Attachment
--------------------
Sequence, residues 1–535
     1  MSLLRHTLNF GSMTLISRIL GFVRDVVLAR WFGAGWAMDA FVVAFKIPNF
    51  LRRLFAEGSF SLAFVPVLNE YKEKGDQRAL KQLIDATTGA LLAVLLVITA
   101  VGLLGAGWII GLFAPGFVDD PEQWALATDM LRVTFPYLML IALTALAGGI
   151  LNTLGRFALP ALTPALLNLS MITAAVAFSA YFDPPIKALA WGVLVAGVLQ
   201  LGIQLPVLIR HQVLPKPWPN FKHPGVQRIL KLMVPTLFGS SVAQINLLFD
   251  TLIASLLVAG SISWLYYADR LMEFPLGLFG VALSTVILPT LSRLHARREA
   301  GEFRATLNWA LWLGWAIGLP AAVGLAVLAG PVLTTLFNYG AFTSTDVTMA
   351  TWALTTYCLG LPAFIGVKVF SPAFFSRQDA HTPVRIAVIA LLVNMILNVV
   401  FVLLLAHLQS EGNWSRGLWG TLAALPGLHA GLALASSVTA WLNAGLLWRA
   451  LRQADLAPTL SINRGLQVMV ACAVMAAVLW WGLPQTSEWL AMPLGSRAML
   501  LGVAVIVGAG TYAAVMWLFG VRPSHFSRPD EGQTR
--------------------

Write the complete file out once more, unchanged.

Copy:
Sequence, residues 1–535
     1  MSLLRHTLNF GSMTLISRIL GFVRDVVLAR WFGAGWAMDA FVVAFKIPNF
    51  LRRLFAEGSF SLAFVPVLNE YKEKGDQRAL KQLIDATTGA LLAVLLVITA
   101  VGLLGAGWII GLFAPGFVDD PEQWALATDM LRVTFPYLML IALTALAGGI
   151  LNTLGRFALP ALTPALLNLS MITAAVAFSA YFDPPIKALA WGVLVAGVLQ
   201  LGIQLPVLIR HQVLPKPWPN FKHPGVQRIL KLMVPTLFGS SVAQINLLFD
   251  TLIASLLVAG SISWLYYADR LMEFPLGLFG VALSTVILPT LSRLHARREA
   301  GEFRATLNWA LWLGWAIGLP AAVGLAVLAG PVLTTLFNYG AFTSTDVTMA
   351  TWALTTYCLG LPAFIGVKVF SPAFFSRQDA HTPVRIAVIA LLVNMILNVV
   401  FVLLLAHLQS EGNWSRGLWG TLAALPGLHA GLALASSVTA WLNAGLLWRA
   451  LRQADLAPTL SINRGLQVMV ACAVMAAVLW WGLPQTSEWL AMPLGSRAML
   501  LGVAVIVGAG TYAAVMWLFG VRPSHFSRPD EGQTR